Where is the Best Place to Have a Thermostat and Why?
As the cold nights draw in, we all start having to think about getting our homes ready for winter. One of the most important systems to test and set up is of course how we heat our homes. For those with traditional gas, oil or LPG heating, this will mean making sure the boiler has been serviced, the radiators are all in working order, setting the thermostat and then luxuriating in ambient heat.
What is a thermostat?
As opposed to electric heating options, such as electric radiators and underfloor heating which can be independently controlled, the heat output from traditional heating systems will be regulated by a central thermostat.
A thermostat is a wall-mounted device that can be mechanical, digital or employ smart technology. They can be wireless and battery-operated, or hardwired to the boiler, while smart thermostats such as Hive or Nest employ small remote sensors to track room temperatures.
Essentially, thermostats are used to regulate the temperature within a home. They do this by sensing and monitoring the temperature and turning on the heating when the air temperature around them falls below a pre-set level. They’re very easy to control, and allow the homeowner to quickly alter the internal temperature of the home if there’s a sudden change in the weather.
What to consider when fitting a thermostat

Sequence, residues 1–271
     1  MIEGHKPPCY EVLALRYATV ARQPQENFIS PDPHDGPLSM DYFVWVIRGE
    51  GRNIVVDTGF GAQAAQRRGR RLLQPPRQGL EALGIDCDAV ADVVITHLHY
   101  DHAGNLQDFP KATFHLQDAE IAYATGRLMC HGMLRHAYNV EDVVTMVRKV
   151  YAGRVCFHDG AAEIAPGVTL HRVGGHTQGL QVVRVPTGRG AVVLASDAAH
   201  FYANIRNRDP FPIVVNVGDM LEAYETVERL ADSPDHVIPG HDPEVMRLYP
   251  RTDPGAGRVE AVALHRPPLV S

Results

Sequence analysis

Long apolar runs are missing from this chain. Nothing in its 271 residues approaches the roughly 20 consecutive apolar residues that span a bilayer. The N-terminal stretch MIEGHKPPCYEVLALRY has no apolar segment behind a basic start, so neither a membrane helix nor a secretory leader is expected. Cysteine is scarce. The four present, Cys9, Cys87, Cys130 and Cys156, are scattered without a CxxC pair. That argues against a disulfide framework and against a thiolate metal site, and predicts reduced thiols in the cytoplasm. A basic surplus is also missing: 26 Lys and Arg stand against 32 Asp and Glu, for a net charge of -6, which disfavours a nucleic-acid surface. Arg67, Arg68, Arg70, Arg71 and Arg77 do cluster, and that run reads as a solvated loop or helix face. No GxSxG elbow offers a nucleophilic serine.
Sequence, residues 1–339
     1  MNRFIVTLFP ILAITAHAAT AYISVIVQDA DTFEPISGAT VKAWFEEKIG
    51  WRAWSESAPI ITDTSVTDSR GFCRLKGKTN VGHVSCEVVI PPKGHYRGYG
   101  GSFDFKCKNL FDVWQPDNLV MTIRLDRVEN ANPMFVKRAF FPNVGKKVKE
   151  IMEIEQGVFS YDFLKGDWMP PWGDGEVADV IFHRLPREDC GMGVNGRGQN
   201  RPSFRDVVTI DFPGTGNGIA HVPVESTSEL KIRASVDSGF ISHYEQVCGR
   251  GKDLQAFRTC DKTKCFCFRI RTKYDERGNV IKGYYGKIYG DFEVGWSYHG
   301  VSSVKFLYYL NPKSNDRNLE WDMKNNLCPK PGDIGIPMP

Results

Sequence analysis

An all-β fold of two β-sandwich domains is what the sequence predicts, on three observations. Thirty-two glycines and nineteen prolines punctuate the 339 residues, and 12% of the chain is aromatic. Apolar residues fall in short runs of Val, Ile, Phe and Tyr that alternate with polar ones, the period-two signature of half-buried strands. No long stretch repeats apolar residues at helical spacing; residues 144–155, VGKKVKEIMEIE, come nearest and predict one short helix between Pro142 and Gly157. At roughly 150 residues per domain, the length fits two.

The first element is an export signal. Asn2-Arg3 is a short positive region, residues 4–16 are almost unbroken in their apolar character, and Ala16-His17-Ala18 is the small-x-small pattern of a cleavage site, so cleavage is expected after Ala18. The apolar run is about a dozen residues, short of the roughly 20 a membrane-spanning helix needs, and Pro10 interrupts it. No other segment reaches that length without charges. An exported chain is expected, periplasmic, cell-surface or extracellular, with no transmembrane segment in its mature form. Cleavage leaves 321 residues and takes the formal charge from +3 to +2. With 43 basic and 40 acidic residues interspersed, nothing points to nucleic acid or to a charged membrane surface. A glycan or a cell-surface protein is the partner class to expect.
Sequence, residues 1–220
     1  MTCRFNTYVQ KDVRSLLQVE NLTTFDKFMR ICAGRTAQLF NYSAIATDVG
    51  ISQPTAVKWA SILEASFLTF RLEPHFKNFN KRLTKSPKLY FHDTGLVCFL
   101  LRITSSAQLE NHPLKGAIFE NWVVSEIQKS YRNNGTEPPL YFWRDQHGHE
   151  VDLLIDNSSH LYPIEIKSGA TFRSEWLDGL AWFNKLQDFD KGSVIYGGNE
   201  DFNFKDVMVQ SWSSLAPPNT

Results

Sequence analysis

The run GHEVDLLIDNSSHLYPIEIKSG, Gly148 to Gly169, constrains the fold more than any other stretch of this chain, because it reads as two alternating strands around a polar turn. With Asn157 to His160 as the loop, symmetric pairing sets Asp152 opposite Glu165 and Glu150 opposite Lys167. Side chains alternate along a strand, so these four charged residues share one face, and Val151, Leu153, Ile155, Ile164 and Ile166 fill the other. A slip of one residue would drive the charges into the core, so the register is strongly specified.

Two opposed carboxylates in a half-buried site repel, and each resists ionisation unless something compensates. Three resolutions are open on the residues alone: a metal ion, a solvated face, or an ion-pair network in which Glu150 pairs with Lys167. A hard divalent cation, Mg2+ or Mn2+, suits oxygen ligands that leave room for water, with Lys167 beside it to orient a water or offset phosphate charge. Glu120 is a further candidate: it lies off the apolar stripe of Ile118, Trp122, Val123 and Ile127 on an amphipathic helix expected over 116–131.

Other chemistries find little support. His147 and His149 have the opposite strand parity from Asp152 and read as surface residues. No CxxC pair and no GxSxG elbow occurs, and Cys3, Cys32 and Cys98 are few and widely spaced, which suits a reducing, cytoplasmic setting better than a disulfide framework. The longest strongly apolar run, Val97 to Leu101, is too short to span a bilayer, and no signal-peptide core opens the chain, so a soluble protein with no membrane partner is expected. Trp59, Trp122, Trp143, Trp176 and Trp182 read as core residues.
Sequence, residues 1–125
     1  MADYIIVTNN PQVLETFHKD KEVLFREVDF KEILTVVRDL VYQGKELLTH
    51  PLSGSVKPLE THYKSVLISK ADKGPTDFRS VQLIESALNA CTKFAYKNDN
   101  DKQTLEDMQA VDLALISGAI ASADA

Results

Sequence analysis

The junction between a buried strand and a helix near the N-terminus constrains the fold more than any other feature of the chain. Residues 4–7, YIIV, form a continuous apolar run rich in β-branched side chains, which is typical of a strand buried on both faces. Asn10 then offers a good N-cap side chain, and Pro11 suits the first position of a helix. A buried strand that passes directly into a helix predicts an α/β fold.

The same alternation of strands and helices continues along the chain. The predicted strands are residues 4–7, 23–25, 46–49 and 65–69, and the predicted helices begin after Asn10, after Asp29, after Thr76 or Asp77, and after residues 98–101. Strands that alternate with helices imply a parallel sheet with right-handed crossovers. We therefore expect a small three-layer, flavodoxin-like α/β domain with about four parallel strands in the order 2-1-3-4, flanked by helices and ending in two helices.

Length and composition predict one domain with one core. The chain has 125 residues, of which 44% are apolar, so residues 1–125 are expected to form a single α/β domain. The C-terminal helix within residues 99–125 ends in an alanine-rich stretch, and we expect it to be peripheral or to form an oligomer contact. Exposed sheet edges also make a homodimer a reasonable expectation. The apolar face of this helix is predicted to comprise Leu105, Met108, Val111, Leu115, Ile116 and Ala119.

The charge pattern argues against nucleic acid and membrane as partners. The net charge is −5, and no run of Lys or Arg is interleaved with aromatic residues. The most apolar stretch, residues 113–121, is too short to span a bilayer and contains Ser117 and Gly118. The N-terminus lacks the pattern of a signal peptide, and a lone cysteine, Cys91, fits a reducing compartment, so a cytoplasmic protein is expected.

Thermostats are wall-mounted and will be permanently located in one room of the house; but as with everything, location is key.
So where’s the best place to locate the thermostat or sensor within your home? Here are some points to consider, when deciding on the best location:
- Are there other heat sources that might influence the thermostat?
- Does the area receive direct sunlight?
- Is the area north facing?
- Is there a decent airflow?
- Is it a busy thoroughfare?
- Could the thermostat be obstructed by anything?
Where should a thermostat ideally be located?
1. On an interior wall
Don’t place a thermostat on an exterior wall. Using an interior wall will give a better indication of the temperature within your home.
2. In the centre of the home
As indicated above, an interior wall is best for monitoring the temperature of the home. Ideally, you should place the thermostat somewhere near the middle of the home for the most accurate reading.
3. In a frequently used room
We know that thermostats aren’t the prettiest to look at. Even the aesthetics of smart systems leave something to be desired. But there’s no point hiding the thermostat away in a room that’s never used. The rooms you frequent the most are the ones you need to have at a comfortable temperature.
4. In an area away from drafts
Just as you don’t want the thermostat to be positioned where it receives direct sunlight or a North facing wall, you also don’t want it near windows or external doors. These will create drafts that lower the temperature detected by the thermostat, meaning the thermostat will continue to call for heat even when it’s not necessary.
5. At the correct height
Heat rises. This is why your thermostat should be located on the ground floor, at the height you’re living in. The recommended height to locate a thermostat is therefore approximately 5 foot above the floor.